The C.A.M. Report
Complementary and Alternative Medicine: Fair, Balanced, and to the Point
  • About this web log

    This blog ran from 2006 to 2016 and was intended as an objective and dispassionate source of information on the latest CAM research. Since my background is in pharmacy and allopathic medicine, I view all CAM as advancing through the development pipeline to eventually become integrated into mainstream medical practice. Some will succeed while others fail. But all are treated fairly here.

  • About the author

    John Russo, Jr., PharmD, is president of The MedCom Resource, Inc. Previously, he was senior vice president of medical communications at www.Vicus.com, a complementary and alternative medicine website.

  • Common sense considerations

    The material on this weblog is for informational purposes. It is not medical advice or counsel. Be smart, consult your health professional before using CAM.

  • Recent Posts

  • Recent Comments

    CAM options for symptom management in children with cancer

    Ms. Jennifer Rheingans is a nurse educator for pediatrics at Sarasota Memorial Hospital in Florida. In the Journal of Pediatric Oncology Nursing she reviews nonpharmacological therapies as a potential source of assistance for children with symptoms due to cancer treatment.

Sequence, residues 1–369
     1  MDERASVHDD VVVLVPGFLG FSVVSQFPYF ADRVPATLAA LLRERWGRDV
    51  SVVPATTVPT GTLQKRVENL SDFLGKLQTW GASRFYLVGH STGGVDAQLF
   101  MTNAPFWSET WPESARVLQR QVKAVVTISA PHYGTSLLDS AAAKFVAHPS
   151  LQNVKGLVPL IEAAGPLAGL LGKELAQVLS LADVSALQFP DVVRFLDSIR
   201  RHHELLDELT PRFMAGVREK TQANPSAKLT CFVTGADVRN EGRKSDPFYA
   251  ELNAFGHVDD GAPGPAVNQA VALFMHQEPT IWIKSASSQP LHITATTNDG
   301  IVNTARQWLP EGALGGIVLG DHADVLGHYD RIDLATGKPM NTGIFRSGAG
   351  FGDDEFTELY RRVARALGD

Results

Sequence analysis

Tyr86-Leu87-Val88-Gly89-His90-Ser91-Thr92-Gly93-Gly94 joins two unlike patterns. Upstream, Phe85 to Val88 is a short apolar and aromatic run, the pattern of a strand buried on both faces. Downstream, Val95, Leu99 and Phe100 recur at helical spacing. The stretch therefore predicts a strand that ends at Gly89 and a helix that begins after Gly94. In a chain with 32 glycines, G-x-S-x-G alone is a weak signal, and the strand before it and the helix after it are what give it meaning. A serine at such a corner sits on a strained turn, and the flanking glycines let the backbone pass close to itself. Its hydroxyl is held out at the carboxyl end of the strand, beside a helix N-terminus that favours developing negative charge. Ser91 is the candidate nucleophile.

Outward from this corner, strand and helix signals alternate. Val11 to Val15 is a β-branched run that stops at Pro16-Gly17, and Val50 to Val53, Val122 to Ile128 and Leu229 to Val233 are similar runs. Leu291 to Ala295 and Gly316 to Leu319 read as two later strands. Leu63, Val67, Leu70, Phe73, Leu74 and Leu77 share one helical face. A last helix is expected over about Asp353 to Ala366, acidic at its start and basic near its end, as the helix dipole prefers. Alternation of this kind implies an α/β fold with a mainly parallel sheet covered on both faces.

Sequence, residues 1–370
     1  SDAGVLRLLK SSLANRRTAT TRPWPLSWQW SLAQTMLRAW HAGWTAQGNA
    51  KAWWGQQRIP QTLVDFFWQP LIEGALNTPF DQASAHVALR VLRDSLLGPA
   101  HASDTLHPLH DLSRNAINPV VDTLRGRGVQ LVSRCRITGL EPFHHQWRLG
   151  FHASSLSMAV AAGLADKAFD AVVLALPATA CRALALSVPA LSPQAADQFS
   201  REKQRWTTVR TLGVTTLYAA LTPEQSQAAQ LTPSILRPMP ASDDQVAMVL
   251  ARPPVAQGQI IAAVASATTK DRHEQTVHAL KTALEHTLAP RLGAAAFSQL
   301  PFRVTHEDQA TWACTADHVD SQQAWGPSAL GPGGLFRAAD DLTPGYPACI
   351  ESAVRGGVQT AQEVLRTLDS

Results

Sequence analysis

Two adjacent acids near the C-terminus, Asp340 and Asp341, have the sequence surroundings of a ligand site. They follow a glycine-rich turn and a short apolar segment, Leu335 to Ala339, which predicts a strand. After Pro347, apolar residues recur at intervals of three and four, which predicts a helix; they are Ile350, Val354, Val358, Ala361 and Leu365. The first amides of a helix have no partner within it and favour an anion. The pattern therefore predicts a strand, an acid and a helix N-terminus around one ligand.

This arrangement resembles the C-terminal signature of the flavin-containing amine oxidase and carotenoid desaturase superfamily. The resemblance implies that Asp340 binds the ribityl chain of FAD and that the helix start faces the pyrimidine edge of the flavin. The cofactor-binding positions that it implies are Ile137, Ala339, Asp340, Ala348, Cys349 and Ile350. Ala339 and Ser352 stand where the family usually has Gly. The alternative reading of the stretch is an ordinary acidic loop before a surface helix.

Symptoms and CAM options are listed below.

    Before recommending or requesting these treatments, become familiar with the supporting research she discusses in the article. In many cases support is limited to one study or simply a report of one patient’s experience.

    Distress

    • Distraction and hypnosis

    Nausea/vomiting

    • Acupuncture
    • Distraction with video games
    • Hypnosis
    • Self-hypnosis

    Procedural anxiety.

    • Age-appropriate humor
    • Breathing and distraction
    • Cognitive behavioral therapy
    • Distraction
    • Hypnosis

    Procedural distress

    • Art therapy
    • Cognitive behavioral therapy
    • Combined breathing, distraction, imagery, and play
    • Distraction
    • General relaxation techniques
    • Hypnosis
    • Nonessential touch by nurses (eg, soothing, nonmedical touch during lumbar punctures)

    Procedural pain

    • Cognitive behavioral therapy
    • Distraction via virtual reality
    • Distraction/relaxation
    • Hypnosis
    • Self-hypnosis

    The bottom line?
    Symptom management in pediatric oncology remains a problem. Ms. Rheingan’s review challenges residents, fellows, and students to contribute original research findings to this healthcare issue.

    5/6/07 15:23 JR

    Leave a Comment

    You must be logged in to post a comment.